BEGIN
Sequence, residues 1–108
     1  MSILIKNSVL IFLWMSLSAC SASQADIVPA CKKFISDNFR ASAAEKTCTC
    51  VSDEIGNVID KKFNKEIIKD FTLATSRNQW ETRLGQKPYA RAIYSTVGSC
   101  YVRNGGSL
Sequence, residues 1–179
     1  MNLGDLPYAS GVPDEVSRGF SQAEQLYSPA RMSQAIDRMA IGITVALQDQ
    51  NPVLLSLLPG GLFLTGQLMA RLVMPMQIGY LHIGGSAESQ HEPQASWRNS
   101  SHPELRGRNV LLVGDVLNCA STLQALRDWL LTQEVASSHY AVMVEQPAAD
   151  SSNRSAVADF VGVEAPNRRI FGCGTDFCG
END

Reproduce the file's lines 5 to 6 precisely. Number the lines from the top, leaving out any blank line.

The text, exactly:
Sequence, residues 1–179
     1  MNLGDLPYAS GVPDEVSRGF SQAEQLYSPA RMSQAIDRMA IGITVALQDQ